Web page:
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Swan Lake.

"Swan Lake is a story about the price you have to pay for making the wrong choice,N Peter Martins said at a press conference about his new work for the Royal Danish Ballet. However, this surprisingly moral interpretation of the Petipa-Ivanov classic is not visible in Martins's production--which is probably just as well, since moral doesn't have a natural place in the fairy-tale world of destiny. As it appears onstage, Martins's Swan Lake is more of an abstract dance, framed by minimal dramatic storytelling.

Martins's partner for this two-act version is the Danish painter Per Kirkeby. His fascinating drop curtain is itself an interpretation of the ballet, revealing as many details of the work as does Tchaikovsky's overture, replacing the musical themes with colors and sketches of the fragile figures-to-be. In contrast, Kirkeby and Kirsten Lund Nielsen's costumes are extremely ugly, a messy mix of every possible style.

For these performances, three different Odette-Odiles and four different Siegfrieds have entered this naked stage. Silja Schandorff and Kenneth Greve created a beautiful couple on opening night. Schandorff gave the white swan much grace--and made the black swan quite a brutal flirt--with rapid wing movements and frightened eyes. Greve showed off his soft jumps and long lines, but dramatically he didn't have much to tell. Some performances later, Greve was replaced by Aage Thordal Christensen as partner for Schandorff. Even though he danced in a more romantic manner, he didn't fully develop a convincing character.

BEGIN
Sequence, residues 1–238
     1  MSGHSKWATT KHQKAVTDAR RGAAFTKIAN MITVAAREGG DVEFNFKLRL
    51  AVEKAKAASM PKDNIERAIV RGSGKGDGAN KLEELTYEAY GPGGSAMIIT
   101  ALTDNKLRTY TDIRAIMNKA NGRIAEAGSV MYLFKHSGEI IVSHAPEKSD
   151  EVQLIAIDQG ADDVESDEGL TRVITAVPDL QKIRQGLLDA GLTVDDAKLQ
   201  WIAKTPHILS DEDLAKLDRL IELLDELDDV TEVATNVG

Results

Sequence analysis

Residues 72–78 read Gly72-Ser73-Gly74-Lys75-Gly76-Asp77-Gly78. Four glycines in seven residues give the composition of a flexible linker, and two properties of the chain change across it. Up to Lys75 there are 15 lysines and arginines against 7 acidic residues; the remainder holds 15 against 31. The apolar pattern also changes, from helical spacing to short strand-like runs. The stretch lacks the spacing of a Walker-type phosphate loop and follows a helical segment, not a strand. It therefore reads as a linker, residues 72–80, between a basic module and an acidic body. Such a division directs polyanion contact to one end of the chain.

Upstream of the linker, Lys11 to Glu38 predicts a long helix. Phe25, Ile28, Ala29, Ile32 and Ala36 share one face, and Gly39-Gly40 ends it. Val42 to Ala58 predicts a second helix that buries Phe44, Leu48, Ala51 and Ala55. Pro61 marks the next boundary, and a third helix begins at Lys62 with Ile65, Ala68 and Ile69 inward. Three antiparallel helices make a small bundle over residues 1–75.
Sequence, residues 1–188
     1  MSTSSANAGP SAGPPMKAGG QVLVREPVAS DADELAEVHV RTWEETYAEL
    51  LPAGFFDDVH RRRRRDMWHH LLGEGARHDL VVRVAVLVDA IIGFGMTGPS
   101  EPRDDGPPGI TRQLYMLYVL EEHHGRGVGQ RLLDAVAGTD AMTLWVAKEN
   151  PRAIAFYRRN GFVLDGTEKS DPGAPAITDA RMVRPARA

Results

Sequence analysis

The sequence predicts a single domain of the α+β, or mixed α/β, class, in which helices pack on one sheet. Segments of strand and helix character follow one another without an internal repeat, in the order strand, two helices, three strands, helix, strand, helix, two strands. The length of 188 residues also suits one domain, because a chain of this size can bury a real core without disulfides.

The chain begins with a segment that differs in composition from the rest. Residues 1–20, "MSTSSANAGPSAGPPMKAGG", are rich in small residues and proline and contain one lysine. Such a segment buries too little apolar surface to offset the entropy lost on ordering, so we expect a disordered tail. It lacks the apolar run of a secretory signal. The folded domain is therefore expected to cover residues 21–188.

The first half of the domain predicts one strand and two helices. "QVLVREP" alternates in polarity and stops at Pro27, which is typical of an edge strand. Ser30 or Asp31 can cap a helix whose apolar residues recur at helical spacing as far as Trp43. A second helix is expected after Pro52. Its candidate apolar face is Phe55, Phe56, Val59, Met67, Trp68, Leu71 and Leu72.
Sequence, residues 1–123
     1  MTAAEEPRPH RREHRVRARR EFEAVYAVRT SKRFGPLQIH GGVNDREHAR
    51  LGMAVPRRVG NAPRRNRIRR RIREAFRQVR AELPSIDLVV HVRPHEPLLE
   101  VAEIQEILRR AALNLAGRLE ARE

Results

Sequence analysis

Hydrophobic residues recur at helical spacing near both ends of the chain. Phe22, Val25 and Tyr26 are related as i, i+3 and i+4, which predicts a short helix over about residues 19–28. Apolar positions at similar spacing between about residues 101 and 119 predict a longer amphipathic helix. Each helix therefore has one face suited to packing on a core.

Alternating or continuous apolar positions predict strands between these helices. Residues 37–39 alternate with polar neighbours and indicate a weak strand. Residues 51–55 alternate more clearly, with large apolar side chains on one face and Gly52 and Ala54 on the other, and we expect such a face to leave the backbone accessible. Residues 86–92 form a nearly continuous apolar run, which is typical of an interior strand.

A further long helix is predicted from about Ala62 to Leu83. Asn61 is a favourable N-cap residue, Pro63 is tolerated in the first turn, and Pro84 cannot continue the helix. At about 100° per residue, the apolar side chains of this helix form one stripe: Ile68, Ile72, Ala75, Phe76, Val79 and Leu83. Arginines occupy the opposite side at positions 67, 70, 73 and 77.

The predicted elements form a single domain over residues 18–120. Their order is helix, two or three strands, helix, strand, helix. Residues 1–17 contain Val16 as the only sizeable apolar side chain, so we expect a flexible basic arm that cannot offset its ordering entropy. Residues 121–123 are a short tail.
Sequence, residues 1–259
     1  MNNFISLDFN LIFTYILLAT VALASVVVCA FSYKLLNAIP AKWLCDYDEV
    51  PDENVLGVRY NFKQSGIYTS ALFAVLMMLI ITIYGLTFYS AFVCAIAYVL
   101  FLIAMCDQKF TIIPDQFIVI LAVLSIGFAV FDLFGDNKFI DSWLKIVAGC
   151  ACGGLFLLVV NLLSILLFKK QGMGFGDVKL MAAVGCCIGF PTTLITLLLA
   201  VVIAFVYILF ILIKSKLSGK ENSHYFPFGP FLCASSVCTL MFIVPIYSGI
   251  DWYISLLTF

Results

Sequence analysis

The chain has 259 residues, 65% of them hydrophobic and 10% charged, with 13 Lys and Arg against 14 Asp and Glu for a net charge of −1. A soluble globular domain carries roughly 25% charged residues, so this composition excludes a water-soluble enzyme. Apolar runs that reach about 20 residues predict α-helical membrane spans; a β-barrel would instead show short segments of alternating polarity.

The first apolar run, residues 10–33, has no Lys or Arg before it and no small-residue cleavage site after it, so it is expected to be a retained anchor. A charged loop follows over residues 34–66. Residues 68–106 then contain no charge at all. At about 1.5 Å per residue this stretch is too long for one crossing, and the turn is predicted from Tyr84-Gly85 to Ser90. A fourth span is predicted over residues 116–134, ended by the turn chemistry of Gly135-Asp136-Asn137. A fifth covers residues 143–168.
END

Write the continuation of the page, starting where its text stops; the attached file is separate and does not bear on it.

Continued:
In the second cast, Heidi Ryom and Martin James somehow managed to dance against the choreography and bring the focus back to the love story. Ryom's swan was movingly fragile and heartbroken; she made Martins's Russian-American-Danish style suit her refined body. As her partner, James danced with a sincerity that made his longing interesting from his very first entrance.

Caroline Cavallo and Jean-Lucien Massot, in the third cast, may have become the only couple to fulfill Martins's abstract intentions. Cavallo danced with a stunning technique (and exquisite hands) and with a musical efficiency that seemed to match Martins's ideals of high-speed movement--and she impressed as the only black swan to execute the thirty-two frightening fouettes (the others did only twelve). Massot appeared as an experienced Siegfried, reaching out for his dream with persistent energy and masculine power.

The Royal Danish Ballet had announced its dream of dancing Swan Lake when Frank Andersen was still ballet director some years ago. The dream came true during a period which was a strange vacuum for the company--still recovering from the turbulence of Peter Schaufuss's departure and at the same time waiting for Maina Gielgud to take over as director in January 1997. At this point, Swan Lake is an important ballet for the company, which looks surprisingly good in Martins's hectic movements. Artistically, the production is the result of the rigid logic of turning a love story into an abstract piece of art. The moral of this effort might be the obvious one--that a love story can't be told without passion.
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Title Annotation:Royal Theatre, Copenhagen, Denmark
Author:Christensen, Anne Flindt
Publication:Dance Magazine
Article Type:Dance Review
Date:Feb 1, 1997
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